It’s fitting that it’s January 6, as I write, that the Jan. 6 Tribunal betrayed at least 2,000 Americans’ privacy by publishing their Social Security numbers online. This was a move that a government official called “inadvertent”.
It’s difficult to believe that it was accidental when the majority of those whose numbers were made public were Trump supporters and officials. The Washington Post reports that three former presidents and a few Republican governors were among the people whose data was included in a spreadsheet.
This latest privacy breach comes after Democrats from the former-lame duck House and Ways and Means Committee voted in December to release six years worth of Trump’s tax returns. Joseph Welch, a 1954 lawyer, said that “Have no sense of decency.”
Although the spreadsheet with the numbers was removed Wednesday, James Lee, chief operating officers of the Identity Theft Resource Center (a non-profit organization that assists victims of identity crime and compromises), said that the high-profile nature the individuals whose data was exposed puts them at “elevated risks”.
Lee suggested that victims of identity crime be given the following tips: setting up credit monitoring and credit monitoring, freezing credit, and using multi-factor authentication apps for online accounts.
Even worse, those whose privacy was compromised were not informed about it. They had no reason to believe that they were being compromised.
“To my knowledge we weren’t notified. Ian Fury, a spokesperson for South Dakota Governor, stated that the governor wasn’t notified. Kristi L.Noem (R). Along with the names of Noem and her husband, as well as her three children, were social security numbers.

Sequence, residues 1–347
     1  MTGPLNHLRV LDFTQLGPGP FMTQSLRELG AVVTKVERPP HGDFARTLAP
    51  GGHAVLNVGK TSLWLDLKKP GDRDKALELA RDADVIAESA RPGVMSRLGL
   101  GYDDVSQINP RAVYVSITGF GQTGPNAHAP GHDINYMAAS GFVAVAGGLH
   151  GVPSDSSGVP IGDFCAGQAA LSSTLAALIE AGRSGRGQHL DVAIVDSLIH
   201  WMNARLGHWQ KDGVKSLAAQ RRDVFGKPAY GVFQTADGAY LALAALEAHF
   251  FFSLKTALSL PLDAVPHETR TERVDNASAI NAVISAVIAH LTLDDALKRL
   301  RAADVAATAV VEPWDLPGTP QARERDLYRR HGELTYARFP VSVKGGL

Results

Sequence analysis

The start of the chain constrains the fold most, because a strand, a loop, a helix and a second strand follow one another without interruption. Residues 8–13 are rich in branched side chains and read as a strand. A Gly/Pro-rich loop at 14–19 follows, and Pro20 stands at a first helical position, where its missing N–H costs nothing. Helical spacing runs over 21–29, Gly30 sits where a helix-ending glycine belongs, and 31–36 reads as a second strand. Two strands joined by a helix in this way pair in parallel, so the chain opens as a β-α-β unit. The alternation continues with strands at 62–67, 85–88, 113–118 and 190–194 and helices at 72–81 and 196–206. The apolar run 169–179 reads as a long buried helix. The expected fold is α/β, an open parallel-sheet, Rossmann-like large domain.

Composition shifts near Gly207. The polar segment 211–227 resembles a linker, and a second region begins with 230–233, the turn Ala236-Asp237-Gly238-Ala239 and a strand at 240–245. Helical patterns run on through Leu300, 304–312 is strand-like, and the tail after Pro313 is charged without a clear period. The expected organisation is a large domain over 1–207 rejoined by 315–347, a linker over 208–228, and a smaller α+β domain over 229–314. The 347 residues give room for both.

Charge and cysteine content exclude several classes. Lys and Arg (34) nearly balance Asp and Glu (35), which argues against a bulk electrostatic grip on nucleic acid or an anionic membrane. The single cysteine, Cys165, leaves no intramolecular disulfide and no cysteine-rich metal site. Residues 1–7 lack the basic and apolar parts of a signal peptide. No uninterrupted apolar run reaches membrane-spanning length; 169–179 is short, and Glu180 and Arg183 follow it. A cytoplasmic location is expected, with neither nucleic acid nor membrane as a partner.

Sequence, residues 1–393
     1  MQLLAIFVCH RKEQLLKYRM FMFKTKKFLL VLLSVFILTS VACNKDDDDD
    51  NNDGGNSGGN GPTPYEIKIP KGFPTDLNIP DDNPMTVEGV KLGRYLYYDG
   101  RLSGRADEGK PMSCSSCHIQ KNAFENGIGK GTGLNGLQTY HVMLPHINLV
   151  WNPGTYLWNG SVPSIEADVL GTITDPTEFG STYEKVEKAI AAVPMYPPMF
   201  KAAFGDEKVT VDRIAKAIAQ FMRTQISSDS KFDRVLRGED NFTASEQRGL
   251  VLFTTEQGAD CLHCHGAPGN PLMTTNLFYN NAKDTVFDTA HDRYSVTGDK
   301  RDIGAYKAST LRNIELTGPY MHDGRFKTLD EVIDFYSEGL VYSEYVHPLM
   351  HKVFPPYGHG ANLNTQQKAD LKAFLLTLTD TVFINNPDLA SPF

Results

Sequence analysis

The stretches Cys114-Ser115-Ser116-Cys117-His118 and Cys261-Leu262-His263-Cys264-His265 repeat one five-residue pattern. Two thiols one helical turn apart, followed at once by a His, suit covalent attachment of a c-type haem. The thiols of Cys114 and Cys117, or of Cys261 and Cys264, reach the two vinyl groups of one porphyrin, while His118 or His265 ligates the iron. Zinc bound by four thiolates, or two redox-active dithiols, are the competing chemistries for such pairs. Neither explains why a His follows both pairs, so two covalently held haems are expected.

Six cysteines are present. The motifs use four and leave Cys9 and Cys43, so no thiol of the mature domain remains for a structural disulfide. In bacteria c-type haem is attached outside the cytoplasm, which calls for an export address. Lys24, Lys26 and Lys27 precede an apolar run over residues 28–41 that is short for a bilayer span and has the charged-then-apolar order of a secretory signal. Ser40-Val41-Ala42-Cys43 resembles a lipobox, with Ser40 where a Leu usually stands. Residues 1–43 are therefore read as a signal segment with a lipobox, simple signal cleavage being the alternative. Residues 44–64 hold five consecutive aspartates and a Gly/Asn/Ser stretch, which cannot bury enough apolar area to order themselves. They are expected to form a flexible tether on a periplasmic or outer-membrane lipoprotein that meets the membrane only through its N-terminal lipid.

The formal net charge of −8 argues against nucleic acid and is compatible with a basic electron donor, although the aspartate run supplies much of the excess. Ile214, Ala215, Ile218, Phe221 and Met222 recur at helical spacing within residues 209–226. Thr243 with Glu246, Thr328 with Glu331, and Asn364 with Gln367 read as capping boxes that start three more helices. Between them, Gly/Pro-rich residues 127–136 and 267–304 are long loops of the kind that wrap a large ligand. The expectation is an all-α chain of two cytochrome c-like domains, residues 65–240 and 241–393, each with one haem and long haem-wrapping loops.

I wonder if Adam Kinzinger, a CNN senior political commentator who was formerly a committee crymaster, has any thoughts on this “danger for democracy”. Paging Liz Cheney.
Texas Governor is just one example of a name whose private information was made public. Greg Abbott (R), South Carolina Gov. Henry McMaster (R), and Alex Azar, former Health and Human Services Secretary (also, shockingly not a D).
The Jan. 6 Committee was a disaster from the beginning. Kinzinger (R-IL), and Cheney (R-WY), preening for cameras alongside Adam “Shifty”, Schiff (D-CA), and committee chair Bennie Thomson (D-MS), tried to convince Americans that they were doing great job and saving the country.
Truth is that no one seriously believes that the riots were worse then Pearl Harbor or 9/11 as some people claimed. Nor did they believe that the powerful US government was ever in danger of being overthrown. Our least favorite fabulist said it best: “C’mon man!”
Even though there were issues that needed to be addressed, the Committee was unable to function properly before the first hearing. Then-Speaker in the House Nancy Pelosi set a precedent by vetoing the choices of Kevin McCarthy, then-Minority Leader, for the committee: Jim Banks from Indiana and Jim Jordan, Ohio. All senses of fairness and bipartisanship were swept away in one swift move.
The “inadvertent release” of thousands of Social Security numbers is yet another taint to the legacy of the Kangaroo court.